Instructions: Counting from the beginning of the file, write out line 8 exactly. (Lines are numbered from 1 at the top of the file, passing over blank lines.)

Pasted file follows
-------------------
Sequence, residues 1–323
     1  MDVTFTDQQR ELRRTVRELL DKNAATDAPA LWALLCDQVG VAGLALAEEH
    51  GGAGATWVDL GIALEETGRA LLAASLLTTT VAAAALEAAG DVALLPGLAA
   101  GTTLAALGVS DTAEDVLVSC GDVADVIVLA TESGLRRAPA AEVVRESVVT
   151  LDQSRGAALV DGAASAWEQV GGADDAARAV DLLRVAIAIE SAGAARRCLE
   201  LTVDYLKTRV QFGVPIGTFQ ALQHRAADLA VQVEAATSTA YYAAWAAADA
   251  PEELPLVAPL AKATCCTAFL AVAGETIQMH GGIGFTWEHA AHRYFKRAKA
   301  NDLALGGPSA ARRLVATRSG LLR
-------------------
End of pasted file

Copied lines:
   301  NDLALGGPSA ARRLVATRSG LLR